Accounting for Point-of-Sale Financing
If you’ve shopped online lately you may have noticed more payment options besides credit cards. Many retailers have introduced point-of-sale (POS) financing, also known as "buy now, pay later", in which consumers can make low or no-interest installment payments for purchases.
Point-of-Sale Financing in E-Commerce Retail
Many items from Peloton bikes to appliances can be purchased with point-of-sale financing from FinTech companies such as Affirm and Afterpay. FinTech companies provide point-of-sale loans to consumers who are either instantly approved or denied to finance a purchase. Consumers can select a payment schedule for monthly installments or pay in full on a future date. For consumers with either good credit or short cash flow, these POS loans provide payment options that tend to be more favorable than high-interest credit cards.
Aside from helping consumers, POS financing is beneficial to retailers by creating more sales volume with less risk. Only a few e-commerce companies offer private label credit cards which provide rewards and loyalty for repeat customers. Point-of-sale financing fills this gap while expanding consumers’ buying power.
Point-of-sale financing is a win-win for the customer and retailer. The customer gets immediate satisfaction from the purchase and the retailer makes a sale while passing risk to the FinTech company.
Revenue Recognition for Point-of-Sale Financing
With point-of-sale loans, retailers can recognize revenue immediately. Once POS financing applications are approved and the product is shipped, the retailer’s performance obligations are fulfilled. Suppose a customer purchases a dress from a favorite retailer for $300. At checkout, the customer is approved for POS financing, payable in 4 monthly installments of $75.
The retailer records the following journal entries:
To record sales revenue.
Following the matching principle, the company must also record the costs associated with the transaction.
|Cost of Goods Sold||$100|
To record the cost of the dress and the reduction of clothing inventory.
Even though the customer will pay for the dress from the retailer in 4 equal installments, those payments will be made directly to the FinTech company providing the point-of-sale loan. When the FinTech company approves a transaction, they also assume the risk of the transaction - if customers default on their repayment schedules, the FinTech company must attempt to collect the unpaid balance.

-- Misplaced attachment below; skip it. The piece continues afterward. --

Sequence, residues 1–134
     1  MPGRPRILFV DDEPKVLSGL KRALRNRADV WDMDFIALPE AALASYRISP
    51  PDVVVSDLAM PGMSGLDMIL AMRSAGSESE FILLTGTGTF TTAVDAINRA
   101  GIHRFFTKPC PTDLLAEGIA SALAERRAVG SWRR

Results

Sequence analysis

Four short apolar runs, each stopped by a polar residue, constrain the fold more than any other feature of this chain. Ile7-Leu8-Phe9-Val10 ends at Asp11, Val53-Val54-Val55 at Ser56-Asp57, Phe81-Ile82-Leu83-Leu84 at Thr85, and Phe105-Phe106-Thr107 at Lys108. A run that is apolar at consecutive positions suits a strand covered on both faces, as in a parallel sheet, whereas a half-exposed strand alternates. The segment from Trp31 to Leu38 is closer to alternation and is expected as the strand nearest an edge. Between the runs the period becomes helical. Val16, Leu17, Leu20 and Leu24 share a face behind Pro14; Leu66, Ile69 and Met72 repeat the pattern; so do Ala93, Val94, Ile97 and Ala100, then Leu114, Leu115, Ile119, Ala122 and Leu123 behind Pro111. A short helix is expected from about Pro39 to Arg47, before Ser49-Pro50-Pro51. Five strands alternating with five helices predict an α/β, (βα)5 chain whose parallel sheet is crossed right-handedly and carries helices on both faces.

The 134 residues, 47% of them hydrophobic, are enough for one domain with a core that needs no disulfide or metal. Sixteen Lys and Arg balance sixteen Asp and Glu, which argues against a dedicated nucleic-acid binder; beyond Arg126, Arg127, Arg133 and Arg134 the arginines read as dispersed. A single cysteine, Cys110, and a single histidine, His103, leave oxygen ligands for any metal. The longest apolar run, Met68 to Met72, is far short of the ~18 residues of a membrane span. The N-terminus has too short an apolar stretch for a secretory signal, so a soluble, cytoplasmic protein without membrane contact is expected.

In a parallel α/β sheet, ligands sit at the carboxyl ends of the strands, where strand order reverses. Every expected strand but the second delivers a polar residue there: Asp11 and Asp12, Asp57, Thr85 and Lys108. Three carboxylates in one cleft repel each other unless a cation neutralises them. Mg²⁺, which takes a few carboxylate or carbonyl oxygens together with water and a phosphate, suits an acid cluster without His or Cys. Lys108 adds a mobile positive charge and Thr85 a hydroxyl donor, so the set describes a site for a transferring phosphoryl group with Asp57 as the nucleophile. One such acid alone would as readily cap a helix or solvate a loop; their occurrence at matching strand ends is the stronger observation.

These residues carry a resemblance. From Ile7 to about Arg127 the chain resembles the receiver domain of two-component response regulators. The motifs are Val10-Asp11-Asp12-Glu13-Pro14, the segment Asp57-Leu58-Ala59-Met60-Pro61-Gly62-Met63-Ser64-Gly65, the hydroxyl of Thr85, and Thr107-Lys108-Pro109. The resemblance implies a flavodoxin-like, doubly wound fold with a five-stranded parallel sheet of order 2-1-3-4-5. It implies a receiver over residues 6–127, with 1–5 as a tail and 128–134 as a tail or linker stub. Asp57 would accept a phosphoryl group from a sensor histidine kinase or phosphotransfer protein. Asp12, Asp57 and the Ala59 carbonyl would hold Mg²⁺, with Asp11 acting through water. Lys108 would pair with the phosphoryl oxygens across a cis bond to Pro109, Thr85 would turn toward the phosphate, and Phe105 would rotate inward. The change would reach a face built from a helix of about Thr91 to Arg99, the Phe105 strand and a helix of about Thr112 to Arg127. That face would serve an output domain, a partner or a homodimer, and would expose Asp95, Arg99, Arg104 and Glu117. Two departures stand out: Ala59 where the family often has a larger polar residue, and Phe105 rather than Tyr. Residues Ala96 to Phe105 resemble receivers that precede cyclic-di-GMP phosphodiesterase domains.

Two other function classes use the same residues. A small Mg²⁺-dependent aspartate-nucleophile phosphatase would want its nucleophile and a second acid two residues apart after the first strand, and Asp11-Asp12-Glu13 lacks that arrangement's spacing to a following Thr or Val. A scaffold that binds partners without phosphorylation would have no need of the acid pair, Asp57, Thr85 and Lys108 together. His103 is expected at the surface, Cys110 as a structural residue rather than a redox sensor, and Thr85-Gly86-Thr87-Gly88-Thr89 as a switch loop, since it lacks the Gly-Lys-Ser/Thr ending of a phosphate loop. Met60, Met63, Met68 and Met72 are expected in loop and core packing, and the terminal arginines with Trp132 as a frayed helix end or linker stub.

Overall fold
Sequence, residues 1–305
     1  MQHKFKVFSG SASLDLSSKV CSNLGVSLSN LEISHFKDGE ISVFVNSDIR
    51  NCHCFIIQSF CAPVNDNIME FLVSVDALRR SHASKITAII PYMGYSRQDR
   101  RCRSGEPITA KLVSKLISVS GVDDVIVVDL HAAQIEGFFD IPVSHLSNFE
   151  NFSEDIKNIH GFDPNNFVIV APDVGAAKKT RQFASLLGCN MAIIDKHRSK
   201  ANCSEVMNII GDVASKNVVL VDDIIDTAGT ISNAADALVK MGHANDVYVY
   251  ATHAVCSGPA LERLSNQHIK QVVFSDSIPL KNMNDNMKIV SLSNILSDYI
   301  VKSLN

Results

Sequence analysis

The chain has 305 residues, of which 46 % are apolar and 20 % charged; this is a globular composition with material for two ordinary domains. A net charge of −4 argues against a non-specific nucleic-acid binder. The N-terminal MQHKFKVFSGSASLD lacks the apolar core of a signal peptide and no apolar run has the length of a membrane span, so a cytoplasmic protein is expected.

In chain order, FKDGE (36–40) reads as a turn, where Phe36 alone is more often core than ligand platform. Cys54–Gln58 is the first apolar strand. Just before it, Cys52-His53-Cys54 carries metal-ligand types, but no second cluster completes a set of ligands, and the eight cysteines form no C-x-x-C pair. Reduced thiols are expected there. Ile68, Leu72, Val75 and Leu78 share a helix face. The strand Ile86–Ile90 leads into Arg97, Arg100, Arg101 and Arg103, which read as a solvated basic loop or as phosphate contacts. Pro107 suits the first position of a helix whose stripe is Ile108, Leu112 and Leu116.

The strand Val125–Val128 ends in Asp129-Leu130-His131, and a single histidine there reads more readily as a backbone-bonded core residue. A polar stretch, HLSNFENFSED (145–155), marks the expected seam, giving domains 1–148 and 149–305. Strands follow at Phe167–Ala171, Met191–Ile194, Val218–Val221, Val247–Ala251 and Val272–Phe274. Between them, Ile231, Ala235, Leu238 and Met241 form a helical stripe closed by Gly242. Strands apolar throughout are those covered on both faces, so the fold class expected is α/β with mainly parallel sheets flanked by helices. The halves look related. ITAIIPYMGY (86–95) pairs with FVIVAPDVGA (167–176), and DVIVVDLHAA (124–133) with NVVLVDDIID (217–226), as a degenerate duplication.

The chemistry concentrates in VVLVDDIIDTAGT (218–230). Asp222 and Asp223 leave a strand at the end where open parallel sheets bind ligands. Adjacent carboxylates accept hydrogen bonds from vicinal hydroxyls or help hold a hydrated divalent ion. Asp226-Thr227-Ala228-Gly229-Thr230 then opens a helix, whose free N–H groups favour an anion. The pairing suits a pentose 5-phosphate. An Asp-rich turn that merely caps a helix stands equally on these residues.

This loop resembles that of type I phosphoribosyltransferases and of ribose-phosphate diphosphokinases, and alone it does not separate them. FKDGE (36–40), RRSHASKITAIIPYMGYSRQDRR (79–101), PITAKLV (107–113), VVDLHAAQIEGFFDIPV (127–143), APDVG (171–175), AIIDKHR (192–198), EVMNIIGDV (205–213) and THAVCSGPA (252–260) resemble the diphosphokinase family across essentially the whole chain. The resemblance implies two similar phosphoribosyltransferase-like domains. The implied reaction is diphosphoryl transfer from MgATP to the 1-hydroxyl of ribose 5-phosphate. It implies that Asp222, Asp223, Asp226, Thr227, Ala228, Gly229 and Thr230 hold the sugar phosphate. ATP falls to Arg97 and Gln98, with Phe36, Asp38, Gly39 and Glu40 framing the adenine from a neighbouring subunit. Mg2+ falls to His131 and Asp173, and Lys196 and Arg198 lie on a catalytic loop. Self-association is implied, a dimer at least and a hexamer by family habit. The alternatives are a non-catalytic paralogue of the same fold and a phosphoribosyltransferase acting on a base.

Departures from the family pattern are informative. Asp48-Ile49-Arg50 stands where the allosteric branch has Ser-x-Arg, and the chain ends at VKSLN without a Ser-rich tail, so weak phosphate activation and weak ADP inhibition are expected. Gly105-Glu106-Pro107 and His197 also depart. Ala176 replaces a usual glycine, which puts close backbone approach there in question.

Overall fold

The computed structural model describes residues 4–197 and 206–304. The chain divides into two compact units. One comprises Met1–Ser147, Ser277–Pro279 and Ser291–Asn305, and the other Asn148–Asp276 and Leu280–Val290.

The retailer will receive a lump sum payment from the FinTech company a few days after the sale, net of any commissions or fees related to completing the sale. FinTech companies earn revenue through interest and fees charged to the customer. They also earn a commission from the retailer for completing the transaction and assuming the additional risk.
Suppose the retailer has agreed to pay the financing company 5% of the sale, the following journal entry is recorded:
To record commission fees for order #4578075.
When the transaction is settled, the retailer receives $300 from the FinTech company as follows:
To record cash payment for settlement.
Finance Operations for POS Financing
Though this new payment option benefits consumers, online retailers, and FinTech companies, POS financing can be a headache for finance teams as it adds another layer of complexity on top of existing manual processes. With POS financing accelerating at a rapid pace and more companies adopting the new method everyday, finance face an uphill battle.
Finance leaders must respond with agility rather than reactivity to establish their company's finance operations. A well-oiled finance operations machine will enable entire finance teams to do more with less. Instead of drowning in spreadsheets, they can be strategic partners to the business. With real-time data at their fingertips, finance can provide additional visibility into Accounts Receivable, Sales Commissions, and even revenue breakouts by payment type to identify areas of opportunity.